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How to Eliminate Collation Issues When Migrating Databases and Logins from SQL Server 7.0 to SQL Server 2000

by Gregory A. Larsen

There are a number of different methods to migrate a SQL Server 7.0 database to SQL Server 2000. Before you decide which method to use, you need to know the collation differences between SQL Server 7.0 and 2000, and why these differences could lead to collation issues after migrating databases. The issues associated with the collation differences might help you decide which is the best migration method for moving your databases between SQL Server 7.0 and 2000. In addition to handling collation issues when copying databases between SQL Server versions, you will also need to consider how to migrate SQL Server logins. This article will discuss these different migration topics, as well as identifying a methodology for migrating databases to overcome the collation issues that might arise, depending on the method selected for migrating SQL Server 7.0 databases to SQL Server 2000.

Collation Difference between SQL Server 7.0 and SQL Server 2000

In SQL Server 7.0, there was a single collation setting for the server. Each database and column for each table used the same collation setting as the SQL Server 7.0 server setting. With SQL Server 2000, Microsoft has expanded the collation options available. In V2000, the server and each database can now have a different collation settings. Also, each column can have its own collation setting, which can be different from that of the server or database collation. Because SQL Server 2000 supports multiple collation settings, collation issues might arise when migrating databases from SQL Server 7.0 to SQL Server 2000 using the backup and restore method for copying databases.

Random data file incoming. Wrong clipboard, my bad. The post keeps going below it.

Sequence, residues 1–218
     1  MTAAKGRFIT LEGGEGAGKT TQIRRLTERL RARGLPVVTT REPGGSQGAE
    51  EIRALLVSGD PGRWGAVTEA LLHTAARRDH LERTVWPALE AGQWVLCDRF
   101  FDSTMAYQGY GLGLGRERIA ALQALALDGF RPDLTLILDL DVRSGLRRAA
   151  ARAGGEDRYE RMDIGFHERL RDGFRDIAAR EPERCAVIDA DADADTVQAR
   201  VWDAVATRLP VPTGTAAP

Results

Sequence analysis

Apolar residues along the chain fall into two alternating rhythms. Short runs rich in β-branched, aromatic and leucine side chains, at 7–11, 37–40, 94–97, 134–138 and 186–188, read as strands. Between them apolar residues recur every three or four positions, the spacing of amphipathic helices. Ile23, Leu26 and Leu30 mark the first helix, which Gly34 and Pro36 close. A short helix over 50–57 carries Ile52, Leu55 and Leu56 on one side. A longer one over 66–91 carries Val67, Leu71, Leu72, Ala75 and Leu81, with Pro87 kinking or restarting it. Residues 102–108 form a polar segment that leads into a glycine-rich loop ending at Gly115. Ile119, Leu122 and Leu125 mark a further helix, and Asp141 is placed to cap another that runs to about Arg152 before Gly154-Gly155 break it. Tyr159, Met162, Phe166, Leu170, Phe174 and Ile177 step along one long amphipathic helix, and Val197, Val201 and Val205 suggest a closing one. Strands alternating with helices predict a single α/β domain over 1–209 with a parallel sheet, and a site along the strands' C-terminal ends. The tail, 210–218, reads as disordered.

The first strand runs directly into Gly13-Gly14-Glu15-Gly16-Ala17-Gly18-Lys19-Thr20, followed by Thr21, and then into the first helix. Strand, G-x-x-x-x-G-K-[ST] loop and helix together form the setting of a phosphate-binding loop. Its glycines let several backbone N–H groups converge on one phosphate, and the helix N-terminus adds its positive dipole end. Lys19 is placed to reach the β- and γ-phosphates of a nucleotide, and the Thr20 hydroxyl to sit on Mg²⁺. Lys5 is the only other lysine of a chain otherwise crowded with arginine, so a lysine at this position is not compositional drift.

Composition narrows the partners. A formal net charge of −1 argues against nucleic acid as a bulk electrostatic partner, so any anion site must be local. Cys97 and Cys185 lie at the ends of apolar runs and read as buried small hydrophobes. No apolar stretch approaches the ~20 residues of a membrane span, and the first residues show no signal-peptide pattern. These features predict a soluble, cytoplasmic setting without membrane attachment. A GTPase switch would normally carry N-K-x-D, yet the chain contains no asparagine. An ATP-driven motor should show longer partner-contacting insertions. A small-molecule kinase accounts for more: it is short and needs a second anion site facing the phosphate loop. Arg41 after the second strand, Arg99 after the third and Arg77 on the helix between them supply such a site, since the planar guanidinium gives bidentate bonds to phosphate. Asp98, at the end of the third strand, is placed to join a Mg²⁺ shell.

Collation Issues When Migrating Databases between SQL Server 7.0 and SQL Server 2000 Using Database Backups

Now that SQL Server 2000 allows multiple collation settings, you are able to take a database backup of a SQL Server 7.0 database with one collation, and restore it to a SQL Server 2000 machine, where the default server collation is something different. This is something you were not able to do in SQL Server 7.0, since there was only a single server collation setting. Because SQL Server 2000 allows multiple collations, using a SQL Server 7.0 database backup to migrate to SQL Server 2000 allows you to create a V2000 database that might not have the same collation settings as the other databases on the same SQL 2000 server. Having different collation settings might cause your application to have collation conflicts. Conflicts occur if your application compares data across databases where the columns being compared have different collation settings. If you are migrating a SQL Server 7.0 database with a different collation setting than that of the default SQL Server 2000 collation setting, I suggest you don’t use a database backup to migrate your database from SQL Server 7.0 to SQL Server 2000, but instead migrate the data using database migration step outlined below.